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'Broken system' means few consequences for New Orleans drunk drivers, report states

New OIG report says "broken system" in Orleans Parish allows repeat DWI offenders to remain on road (FOX 8 photo). New OIG report says "broken system" in Orleans Parish allows repeat DWI offenders to remain on road (FOX 8 photo).
NEW ORLEANS (WVUE) -

A “broken system” allows repeat drunk drivers to remain on the road, according to the New Orleans Office of Inspector General.

Inspector General Ed Quatrevaux says they found serious flaws in every step in the process, from arrest through prosecution, sentencing, probation, and closing of drunk driving cases in Orleans Parish.

The inadequacies made it possible for some of the most dangerous repeat DWI offenders to remain on the road, according to the report.

The report examined DWI prosecutions in Orleans Parish dating back to 2007.

The OIG states that NOPD, the Orleans Parish Sheriff's Office and Traffic Court did not have adequate controls over the transfer of DWI records between agencies, which made it impossible to verify that all DWI arrests were prosecuted.

Evaluators say they found that city attorneys proposed sentences associated with second offense DWI in less than two percent of DWI cases, downgraded 84 percent of cases with high blood alcohol content readings so that lower penalties applied, and reduced DWI charges to reckless operation in 20 percent of cases.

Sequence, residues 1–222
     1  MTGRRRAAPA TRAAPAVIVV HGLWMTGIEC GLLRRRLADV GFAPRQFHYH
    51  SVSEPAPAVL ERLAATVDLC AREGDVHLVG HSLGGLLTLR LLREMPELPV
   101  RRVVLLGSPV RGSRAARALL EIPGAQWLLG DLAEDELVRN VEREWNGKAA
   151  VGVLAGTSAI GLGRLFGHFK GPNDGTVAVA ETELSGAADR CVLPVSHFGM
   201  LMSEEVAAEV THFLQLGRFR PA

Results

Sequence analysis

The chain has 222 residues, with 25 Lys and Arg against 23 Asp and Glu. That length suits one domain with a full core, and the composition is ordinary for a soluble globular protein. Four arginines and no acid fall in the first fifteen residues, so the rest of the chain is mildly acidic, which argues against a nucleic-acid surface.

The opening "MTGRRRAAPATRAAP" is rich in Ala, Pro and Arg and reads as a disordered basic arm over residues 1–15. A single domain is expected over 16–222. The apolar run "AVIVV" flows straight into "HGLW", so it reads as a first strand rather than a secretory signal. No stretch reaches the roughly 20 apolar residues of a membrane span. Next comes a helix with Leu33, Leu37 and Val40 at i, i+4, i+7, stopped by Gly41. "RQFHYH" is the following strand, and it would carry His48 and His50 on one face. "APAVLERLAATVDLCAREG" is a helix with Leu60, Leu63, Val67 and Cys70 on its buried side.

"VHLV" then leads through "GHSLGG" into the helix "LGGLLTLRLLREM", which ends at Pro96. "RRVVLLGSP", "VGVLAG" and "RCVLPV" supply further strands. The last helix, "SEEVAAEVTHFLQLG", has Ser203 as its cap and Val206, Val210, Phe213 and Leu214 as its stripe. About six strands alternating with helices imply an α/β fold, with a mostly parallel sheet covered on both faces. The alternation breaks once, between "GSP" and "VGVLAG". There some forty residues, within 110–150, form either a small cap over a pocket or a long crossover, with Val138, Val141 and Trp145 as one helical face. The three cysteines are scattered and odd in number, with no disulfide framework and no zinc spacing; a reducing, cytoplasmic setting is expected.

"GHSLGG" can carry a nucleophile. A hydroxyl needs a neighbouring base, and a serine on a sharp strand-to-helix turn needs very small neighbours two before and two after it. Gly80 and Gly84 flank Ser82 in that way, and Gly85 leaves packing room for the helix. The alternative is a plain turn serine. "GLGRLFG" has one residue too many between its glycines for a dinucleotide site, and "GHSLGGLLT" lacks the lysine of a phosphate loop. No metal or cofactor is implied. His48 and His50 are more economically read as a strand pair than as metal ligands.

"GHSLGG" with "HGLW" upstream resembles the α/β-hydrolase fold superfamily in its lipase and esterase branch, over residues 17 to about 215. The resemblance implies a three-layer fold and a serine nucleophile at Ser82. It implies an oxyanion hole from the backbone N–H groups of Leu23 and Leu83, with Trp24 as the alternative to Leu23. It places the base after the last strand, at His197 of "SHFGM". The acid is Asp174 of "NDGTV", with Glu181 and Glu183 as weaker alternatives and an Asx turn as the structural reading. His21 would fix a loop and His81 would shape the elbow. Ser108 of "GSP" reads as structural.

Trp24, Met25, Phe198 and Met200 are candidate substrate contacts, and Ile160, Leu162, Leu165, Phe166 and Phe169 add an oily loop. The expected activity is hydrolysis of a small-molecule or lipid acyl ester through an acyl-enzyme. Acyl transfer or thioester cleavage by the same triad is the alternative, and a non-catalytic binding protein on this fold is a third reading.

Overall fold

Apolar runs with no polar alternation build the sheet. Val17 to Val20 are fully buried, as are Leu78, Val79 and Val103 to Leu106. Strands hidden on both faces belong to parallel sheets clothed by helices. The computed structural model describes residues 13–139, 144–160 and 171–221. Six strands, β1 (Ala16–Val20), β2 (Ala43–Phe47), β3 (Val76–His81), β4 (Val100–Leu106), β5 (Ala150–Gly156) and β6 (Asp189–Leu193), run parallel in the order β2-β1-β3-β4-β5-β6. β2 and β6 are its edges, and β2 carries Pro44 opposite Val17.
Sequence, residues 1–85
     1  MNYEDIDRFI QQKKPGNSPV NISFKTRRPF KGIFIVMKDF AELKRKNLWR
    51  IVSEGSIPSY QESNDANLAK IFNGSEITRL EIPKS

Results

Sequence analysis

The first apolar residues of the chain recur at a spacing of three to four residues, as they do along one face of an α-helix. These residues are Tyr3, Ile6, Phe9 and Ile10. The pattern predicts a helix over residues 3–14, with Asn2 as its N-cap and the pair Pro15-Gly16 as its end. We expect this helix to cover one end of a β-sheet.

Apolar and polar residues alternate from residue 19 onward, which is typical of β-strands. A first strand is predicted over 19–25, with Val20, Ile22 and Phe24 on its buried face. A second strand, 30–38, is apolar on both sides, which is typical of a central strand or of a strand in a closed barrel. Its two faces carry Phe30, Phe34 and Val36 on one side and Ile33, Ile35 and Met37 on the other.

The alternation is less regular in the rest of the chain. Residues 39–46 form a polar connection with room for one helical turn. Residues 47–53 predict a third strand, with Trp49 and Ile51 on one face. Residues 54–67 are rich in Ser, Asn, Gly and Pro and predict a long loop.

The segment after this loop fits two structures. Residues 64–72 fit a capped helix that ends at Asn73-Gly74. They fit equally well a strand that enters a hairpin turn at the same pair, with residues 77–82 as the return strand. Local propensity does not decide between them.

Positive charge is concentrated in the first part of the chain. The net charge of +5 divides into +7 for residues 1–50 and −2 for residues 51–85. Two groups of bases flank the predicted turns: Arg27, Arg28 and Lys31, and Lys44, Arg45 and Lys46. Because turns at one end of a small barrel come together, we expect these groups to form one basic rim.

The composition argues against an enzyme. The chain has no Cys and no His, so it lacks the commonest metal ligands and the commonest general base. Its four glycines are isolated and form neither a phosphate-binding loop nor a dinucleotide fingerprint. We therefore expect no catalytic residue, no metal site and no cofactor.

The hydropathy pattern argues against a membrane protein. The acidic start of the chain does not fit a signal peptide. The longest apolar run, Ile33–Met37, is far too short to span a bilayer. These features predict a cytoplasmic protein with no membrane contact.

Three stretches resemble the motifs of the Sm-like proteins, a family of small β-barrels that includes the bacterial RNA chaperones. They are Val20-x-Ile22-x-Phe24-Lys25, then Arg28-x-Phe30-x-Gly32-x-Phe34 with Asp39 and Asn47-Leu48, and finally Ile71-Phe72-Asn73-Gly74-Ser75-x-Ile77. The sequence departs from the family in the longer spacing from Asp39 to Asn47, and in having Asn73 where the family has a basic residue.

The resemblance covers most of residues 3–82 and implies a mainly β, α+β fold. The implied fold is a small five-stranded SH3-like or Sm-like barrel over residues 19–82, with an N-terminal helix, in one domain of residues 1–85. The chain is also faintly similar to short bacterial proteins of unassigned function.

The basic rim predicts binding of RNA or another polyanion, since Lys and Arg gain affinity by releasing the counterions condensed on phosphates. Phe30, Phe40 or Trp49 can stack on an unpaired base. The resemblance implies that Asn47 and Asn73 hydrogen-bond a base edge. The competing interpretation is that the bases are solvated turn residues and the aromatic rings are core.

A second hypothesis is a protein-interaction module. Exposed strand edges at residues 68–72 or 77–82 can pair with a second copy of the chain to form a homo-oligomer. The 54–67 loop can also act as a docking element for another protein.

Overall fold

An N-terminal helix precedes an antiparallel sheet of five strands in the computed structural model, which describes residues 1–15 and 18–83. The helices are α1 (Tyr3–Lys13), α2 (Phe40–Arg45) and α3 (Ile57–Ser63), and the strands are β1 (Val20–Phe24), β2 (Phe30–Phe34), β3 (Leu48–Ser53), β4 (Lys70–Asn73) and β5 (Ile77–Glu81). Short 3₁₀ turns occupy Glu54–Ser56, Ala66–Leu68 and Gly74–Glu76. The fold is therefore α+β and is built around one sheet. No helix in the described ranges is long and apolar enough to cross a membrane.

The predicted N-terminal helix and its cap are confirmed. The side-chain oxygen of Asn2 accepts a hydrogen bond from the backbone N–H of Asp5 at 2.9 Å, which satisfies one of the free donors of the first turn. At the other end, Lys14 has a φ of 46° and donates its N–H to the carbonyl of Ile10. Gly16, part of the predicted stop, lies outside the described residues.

The report also found that the rate at which the District Attorney's Office rejected felony DWI cases increased from 8 percent to 37 percent between 2010 and 2012; the most dangerous repeat offenders escaped felony prosecution, according to the OIG.

In addition, the report states that the court did not consistently require defendants to complete probation, despite the fact probation was the default consequence ordered by traffic court judges in 80 percent of DWI cases.

Quatrevaux says Louisiana law accommodates for the distinction between one-time and repeat DWI offenders. However, the report states that traffic court does not handle the cases with that distinction.

The city issued a statement based on the OIG report. It states:

“The City's top priority is public safety, and that includes efforts to improve the handling of DWI offenses. To that end, we have proactively taken steps to adjust the City's written policy and adopt national best practices that ensure DWI cases are enforced efficiently and consistently across the board. For example, the City implemented a new electronic case management system at Traffic Court in December 2014 and we are currently in the process of moving to an electronic ticket system for NOPD.“

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